Tax on Interest Earned in the UK

by | Mar 31, 2022

Since 6 April 2016, banks and building societies are no longer required to deduct income tax from your interest before paying it to you. Instead, your interest is paid to you gross. With the changes, the Personal Saving Allowance was introduced as an addition to the tax-free Saving Rate Band structure. This does not include your Individual Savings Accounts (ISA) as you don’t pay tax on interest earned from an ISA as it is tax free.

Personal Saving Allowance (PSA)

With the introduction of the PSA, the majority of savers in the UK no longer have to pay any tax on their savings income. Your PSA depends on what rate of tax you pay:

Income Tax Band:Tax-free Savings Income:
Basic-rate – 20%You will be able to earn £1,000 interest per year with no tax
Higher-rate – 40%You will be able to earn £500 interest per year with no tax
Additional-rate – 45%£0 – you are not eligible to get an allowance
PSA for Different Income Tax Bands

Let’s Look at an Example:

During the 2021-22 tax year, John received interest of £7,000 and wages of £30,000. He is a basic rate tax payer and will be taxed as follows:

  • A personal allowance of £12,570 is applied to his non-savings income reducing his taxable non-savings to £17,430. This is subject to tax at 20%.
  • The first £1,000 of interest is covered by his personal savings allowance.
  • The remaining interest of £6,000 is subject to tax at 20%

Savings covered by your allowance

  • bank and building society accounts
  • savings and credit union accounts
  • unit trusts, investment trusts and open-ended investment companies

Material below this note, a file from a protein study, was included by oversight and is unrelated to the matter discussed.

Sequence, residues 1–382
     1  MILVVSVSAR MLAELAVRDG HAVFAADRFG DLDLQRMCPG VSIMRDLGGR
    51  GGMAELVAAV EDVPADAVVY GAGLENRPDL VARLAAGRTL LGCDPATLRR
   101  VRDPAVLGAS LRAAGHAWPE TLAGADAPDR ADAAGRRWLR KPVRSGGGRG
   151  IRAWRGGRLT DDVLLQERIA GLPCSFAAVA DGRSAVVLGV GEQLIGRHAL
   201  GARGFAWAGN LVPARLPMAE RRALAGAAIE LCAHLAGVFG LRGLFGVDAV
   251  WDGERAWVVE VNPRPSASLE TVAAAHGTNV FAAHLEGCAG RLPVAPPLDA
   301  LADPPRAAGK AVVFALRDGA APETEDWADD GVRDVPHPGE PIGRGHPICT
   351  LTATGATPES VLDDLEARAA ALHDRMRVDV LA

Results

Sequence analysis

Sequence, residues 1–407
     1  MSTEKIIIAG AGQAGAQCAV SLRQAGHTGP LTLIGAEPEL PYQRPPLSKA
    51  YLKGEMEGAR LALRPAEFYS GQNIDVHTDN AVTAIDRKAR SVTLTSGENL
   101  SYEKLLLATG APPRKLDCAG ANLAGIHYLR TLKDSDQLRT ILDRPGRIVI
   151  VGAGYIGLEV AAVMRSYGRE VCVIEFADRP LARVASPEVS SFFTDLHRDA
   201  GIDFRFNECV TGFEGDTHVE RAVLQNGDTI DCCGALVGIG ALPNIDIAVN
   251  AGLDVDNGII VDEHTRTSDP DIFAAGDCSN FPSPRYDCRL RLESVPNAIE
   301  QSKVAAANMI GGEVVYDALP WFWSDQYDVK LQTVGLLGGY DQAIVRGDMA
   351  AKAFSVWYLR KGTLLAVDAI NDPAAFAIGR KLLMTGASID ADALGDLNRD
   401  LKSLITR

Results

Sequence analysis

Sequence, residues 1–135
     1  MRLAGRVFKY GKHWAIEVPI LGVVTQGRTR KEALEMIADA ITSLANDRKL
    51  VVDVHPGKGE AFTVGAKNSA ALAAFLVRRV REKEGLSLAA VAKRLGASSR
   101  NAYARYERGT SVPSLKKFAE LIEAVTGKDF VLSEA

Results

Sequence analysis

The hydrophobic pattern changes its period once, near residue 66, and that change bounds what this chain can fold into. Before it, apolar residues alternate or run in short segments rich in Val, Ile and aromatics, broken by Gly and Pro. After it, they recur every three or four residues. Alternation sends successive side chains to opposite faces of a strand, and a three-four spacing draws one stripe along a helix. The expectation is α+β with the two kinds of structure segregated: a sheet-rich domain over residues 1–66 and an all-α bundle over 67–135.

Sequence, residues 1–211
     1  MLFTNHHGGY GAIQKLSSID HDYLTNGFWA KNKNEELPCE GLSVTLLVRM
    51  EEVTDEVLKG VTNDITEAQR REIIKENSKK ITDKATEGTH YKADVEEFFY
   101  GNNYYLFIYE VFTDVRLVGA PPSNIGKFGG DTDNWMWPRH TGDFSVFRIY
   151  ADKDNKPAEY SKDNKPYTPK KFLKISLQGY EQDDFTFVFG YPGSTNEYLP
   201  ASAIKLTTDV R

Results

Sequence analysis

• peer-to-peer lending
  • trust funds
  • payment protection insurance (PPI)

Your allowance also applies to interest from

  • government or company bonds
  • life annuity payments
  • some life insurance contracts

The 0% ‘Starting Rate’ Band (SRB):

In addition to the savings nil rate, a 0% starting rate applies for interest income in 2021/22, but only where taxable non-savings income (income after your personal allowance has been deducted) is less than £5,000.

This usually benefits lower income/ part-time workers, as the more you earn from non-savings income such as wages, the less your SRB will be. As soon as your non-savings income exceeds £17,570, you will not be eligible for this allowance, as the SRB reduces for every £1 you earn over the personal allowance (2021-22: £12,570).

So, if you have received a wage of £16,000 and interest (excluding ISAs) of £3,500, £12,570 of your wages will be covered by your personal allowance leaving you with £3,430 which will be taxed at 20%. £1,570 of interest will be covered by your starting rate band (£5,000 less £3,430) and will be subject to tax at 0%. A further £1,000 of interest will be taxed at the nil rate, leaving just £930 (£3,500 – £1,570 – £1,000) subject to tax at 20%.

Individual Savings Allowance (ISAs):

ISAs is a tax-free savings account for qualifying individuals. All interest and dividends received, and capital gains made from these accounts are tax free.

Investment made into a ISAs account is subject to the following limits:

Annual limits:£20,000
Junior ISA annual limit:£4,368
Lifetime ISA annual limit:£4,000
Help to buy ISA monthly limit:£200

If you need any help submitting your self-assessment tax return, feel free to create an account on TaxDash and complete all your personal as well as income details. Our qualified accountants will ensure you file your tax returns quickly, accurately, and efficiently.